Two women were missing after a dinghy carrying dozens of people sank off the island of Lesbos on Wednesday, a Greek coastguard official said, as more migrants fleeing conflict and poverty attempt to enter Europe.
Thirty two people were rescued and a search operation was underway with the assistance of two helicopters and a Frontex vessel, the official told Reuters.
Hundreds of thousands of migrants and refugees used Greece as the main gateway to Europe through Turkey in 2015 and 2016, until a deal between Ankara and the European Union reduced the flow across the Greek and Turkish land and sea borders.
Sea crossings on overcrowded boats are often hazardous and last month, the Greek coastguard found the body of a migrant near a half-sunken vessel on the Aegean island of Rhodes.
And in September at least three people drowned when a boat carrying migrants sank off the island of Crete.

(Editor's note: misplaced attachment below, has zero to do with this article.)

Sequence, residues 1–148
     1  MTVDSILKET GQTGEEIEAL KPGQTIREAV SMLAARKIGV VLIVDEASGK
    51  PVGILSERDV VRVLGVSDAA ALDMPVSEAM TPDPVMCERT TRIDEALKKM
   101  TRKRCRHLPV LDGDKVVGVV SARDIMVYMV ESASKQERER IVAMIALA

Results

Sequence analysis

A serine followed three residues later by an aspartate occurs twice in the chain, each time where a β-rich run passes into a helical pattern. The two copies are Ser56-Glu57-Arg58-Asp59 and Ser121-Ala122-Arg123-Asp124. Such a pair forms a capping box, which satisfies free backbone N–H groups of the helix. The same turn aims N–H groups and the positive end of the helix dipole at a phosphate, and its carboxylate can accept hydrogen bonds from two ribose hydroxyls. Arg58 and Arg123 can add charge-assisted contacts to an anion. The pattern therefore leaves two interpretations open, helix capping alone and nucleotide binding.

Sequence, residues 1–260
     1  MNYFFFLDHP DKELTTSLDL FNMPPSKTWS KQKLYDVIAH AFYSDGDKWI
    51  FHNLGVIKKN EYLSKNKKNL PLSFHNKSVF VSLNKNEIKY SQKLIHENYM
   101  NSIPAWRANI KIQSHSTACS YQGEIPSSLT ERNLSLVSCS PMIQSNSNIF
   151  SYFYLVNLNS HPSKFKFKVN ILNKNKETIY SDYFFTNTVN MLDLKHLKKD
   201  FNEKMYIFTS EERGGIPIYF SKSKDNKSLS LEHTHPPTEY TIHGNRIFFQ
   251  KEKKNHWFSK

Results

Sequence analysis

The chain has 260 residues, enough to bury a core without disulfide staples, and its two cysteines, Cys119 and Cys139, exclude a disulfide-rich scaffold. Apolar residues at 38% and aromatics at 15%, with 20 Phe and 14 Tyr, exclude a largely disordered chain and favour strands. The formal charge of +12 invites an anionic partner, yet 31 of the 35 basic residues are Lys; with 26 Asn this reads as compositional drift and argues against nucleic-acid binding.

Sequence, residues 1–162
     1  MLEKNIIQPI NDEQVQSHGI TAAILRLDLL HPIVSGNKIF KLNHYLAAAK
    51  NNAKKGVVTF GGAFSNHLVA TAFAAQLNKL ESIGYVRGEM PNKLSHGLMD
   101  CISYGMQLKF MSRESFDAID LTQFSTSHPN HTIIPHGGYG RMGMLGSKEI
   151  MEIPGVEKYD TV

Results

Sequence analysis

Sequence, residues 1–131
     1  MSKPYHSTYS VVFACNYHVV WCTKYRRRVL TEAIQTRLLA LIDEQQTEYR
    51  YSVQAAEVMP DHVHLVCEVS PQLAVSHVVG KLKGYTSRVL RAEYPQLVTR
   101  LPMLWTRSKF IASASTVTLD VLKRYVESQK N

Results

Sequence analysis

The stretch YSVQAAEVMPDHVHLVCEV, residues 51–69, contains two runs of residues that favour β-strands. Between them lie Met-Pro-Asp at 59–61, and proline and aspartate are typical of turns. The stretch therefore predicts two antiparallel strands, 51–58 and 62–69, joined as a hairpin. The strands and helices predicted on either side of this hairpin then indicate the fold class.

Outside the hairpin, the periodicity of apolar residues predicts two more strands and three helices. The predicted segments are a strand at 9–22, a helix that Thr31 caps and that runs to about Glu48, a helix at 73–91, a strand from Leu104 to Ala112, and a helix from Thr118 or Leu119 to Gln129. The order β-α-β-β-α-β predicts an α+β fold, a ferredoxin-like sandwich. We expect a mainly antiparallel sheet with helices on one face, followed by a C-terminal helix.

Turkey hosts more than three million refugees and migrants, while tens of thousands of asylum seekers are still in Greece waiting for their applications to be processed, mostly housed in camps where conditions have been described as dire.
Greek Migration Minister Notis Mitarachi said the EU-Turkey deal was being violated and human lives were being put at risk.
Citing those rescued, Mitarachi said a Turkish boat had responded to a distress signal but did not provide aid, instead allowing “an irregular crossing” through the EU’s sea border.
Turkey’s coastguard said it had intercepted a vessel carrying migrants in the area on Tuesday and had taken 31 people into custody.
Greece and Turkey are at odds over a host of issues and regularly exchange accusations over the migration crisis.